I find television very educating. Every time somebody turns on the set, I go into the other room and read a book. - Groucho Marx

The Joy of B's: Bloody Pit of Horror

by Meredith R. Tolan
June 7, 2013

There is nothing quite so satisfying as the fun one can have with a grade B film, especially those in the horror genre. Whether one is a novice merely watching for the unexpected fun of picking apart the plot devices (or lack thereof) and the low-budget sets and props (and the low-budget acting) or one is a connoisseur and able to relish the often poetic and intellectual intentions of the script writer and director, there is something to be said for these films that have a grand old time experimenting with ambitious concepts that would never be permitted to be attempted in a film without a shoe-string budget.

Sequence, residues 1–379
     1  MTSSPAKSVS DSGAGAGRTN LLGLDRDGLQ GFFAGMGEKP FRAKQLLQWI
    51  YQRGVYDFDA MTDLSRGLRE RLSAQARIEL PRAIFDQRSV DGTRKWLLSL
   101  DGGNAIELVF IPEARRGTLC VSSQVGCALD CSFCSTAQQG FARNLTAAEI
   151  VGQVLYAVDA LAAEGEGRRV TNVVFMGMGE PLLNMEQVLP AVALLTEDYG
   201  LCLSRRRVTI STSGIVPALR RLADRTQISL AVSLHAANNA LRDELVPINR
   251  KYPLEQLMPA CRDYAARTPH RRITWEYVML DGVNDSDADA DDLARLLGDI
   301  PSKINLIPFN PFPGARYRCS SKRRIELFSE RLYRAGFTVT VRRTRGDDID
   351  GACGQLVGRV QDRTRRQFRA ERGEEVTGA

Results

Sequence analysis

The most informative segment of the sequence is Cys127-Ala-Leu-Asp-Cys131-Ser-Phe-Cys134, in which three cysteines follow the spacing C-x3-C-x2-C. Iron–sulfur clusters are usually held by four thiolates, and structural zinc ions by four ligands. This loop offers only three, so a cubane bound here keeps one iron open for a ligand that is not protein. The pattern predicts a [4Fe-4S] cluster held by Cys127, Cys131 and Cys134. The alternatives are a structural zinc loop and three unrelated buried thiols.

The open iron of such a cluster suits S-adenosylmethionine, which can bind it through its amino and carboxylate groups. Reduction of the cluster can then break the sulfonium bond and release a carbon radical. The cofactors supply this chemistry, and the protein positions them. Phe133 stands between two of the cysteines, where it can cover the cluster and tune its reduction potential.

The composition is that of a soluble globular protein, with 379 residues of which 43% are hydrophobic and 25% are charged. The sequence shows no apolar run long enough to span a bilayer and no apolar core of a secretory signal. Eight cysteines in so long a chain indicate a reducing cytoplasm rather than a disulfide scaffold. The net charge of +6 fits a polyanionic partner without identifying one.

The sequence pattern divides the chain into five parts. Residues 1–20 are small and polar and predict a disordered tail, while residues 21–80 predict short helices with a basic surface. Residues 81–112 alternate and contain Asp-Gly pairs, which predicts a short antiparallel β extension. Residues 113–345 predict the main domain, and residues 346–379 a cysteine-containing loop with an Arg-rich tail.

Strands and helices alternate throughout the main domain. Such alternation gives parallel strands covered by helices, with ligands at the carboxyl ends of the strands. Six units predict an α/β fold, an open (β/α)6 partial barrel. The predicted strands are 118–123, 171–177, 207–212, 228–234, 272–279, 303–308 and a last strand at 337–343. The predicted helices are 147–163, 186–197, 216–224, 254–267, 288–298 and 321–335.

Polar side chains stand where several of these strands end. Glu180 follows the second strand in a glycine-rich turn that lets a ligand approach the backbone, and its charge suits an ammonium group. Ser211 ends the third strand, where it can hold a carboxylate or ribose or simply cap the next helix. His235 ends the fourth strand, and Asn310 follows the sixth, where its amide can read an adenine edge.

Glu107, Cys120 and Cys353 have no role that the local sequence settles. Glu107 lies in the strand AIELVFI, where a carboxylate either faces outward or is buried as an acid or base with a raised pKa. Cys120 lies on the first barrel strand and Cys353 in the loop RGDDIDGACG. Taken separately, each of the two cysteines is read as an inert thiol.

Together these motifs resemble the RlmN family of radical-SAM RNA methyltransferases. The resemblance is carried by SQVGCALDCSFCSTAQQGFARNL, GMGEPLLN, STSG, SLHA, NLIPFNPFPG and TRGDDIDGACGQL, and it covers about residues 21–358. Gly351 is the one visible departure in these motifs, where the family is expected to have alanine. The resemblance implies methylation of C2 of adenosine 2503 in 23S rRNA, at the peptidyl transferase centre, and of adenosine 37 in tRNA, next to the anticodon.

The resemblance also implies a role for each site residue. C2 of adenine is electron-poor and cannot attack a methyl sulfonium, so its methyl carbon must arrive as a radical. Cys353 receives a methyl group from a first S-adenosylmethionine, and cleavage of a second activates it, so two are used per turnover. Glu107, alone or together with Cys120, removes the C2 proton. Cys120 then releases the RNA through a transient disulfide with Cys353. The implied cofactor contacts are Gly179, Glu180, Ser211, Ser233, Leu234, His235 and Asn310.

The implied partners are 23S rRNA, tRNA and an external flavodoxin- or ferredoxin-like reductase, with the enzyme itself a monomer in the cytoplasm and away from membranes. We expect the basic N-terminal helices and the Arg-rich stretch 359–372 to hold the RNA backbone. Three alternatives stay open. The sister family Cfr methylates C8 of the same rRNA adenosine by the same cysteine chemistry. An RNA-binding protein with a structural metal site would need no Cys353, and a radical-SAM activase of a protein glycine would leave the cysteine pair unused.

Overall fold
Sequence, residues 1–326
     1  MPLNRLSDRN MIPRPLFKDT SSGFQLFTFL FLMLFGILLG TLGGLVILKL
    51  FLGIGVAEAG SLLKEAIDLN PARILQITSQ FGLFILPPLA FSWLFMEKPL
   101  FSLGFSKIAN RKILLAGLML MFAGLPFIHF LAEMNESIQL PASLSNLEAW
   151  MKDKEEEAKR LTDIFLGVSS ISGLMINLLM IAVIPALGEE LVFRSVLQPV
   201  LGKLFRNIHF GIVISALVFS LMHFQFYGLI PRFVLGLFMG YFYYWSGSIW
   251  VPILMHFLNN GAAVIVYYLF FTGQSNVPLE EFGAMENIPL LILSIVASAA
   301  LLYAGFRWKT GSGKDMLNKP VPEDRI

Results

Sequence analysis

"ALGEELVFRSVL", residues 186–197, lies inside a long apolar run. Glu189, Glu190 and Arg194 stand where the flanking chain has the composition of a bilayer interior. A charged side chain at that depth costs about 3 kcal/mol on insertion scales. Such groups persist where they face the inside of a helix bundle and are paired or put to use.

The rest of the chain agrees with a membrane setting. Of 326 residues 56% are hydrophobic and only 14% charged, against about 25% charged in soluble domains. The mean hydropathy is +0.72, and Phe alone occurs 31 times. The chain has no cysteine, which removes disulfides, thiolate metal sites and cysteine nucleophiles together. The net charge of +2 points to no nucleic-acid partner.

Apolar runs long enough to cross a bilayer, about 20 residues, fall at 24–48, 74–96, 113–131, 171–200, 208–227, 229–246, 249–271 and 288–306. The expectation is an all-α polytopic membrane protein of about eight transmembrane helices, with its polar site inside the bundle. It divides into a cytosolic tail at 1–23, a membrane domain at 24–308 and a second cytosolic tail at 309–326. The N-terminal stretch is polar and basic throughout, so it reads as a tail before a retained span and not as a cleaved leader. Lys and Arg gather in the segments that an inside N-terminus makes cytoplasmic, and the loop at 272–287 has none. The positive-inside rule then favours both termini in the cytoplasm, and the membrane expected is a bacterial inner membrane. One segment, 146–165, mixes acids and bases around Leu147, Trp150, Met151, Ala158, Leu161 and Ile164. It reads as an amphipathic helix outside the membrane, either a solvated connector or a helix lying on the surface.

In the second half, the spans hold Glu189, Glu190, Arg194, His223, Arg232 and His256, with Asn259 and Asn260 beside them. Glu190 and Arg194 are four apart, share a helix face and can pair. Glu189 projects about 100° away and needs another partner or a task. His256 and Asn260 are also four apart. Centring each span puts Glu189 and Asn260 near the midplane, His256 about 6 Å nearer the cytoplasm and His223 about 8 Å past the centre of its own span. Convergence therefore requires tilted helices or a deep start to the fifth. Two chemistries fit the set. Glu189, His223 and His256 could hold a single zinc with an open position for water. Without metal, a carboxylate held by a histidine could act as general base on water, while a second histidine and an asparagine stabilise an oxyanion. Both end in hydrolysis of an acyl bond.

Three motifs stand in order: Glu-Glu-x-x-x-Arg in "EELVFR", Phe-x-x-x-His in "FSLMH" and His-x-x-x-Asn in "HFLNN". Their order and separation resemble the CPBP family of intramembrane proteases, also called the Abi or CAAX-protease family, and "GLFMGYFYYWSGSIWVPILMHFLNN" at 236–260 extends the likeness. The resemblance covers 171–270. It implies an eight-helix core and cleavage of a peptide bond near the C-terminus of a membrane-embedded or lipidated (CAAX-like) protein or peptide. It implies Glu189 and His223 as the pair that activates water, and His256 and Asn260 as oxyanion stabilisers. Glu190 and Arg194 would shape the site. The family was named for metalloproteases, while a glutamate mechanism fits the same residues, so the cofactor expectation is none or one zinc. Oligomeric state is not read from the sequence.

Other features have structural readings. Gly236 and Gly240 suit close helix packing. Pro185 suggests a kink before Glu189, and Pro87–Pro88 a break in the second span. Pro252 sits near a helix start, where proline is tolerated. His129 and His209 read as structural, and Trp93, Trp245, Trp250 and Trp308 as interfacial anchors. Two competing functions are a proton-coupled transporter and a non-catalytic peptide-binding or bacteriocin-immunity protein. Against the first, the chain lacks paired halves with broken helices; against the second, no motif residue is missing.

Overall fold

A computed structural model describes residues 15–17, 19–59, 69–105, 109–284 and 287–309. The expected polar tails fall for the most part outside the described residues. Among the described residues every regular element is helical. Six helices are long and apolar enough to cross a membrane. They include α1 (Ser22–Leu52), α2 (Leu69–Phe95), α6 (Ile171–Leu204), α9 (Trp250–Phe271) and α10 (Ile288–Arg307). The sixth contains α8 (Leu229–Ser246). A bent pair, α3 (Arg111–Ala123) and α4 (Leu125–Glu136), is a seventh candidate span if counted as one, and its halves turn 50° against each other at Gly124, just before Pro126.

My first experience with these sorts of movies began at a very young age. Every Saturday morning, my sister and I would wake up, eat breakfast and then watch several hours of cartoons. She and I would debate over which channel we’d watch (this is all the way back in the days before remote controls, one of us would physically have to get off the couch, walk across the room and turn the dial to switch programs), until sometime around noon, when I’d get my way and put on “Creature Double Feature”, which was exactly what it sounds like: a double feature of 1960s grade-B horror flicks, mostly featuring some sort of murderous creature on the lose. I don’t remember feeling frightened while I watched them, though I still have chronic nightmares- mostly about being attacked by madmen, but I always enjoyed the sensations they made me feel. Some of these films still live in the recesses of my mind and have definitely influenced my writing (and my obsessive need to lock all doors and windows and look under my bed and in closets before going to sleep). They also helped me in the development for my love of all things cheesy. Suspension of reality due to silliness was never something that bothered me much in a film, just as long as my attention didn’t wane from boredom or was there an unnecessary use of gore (a liberal use of gore is fine, especially if it is clever gore, but I’m not a huge fan of the modern splatter flick).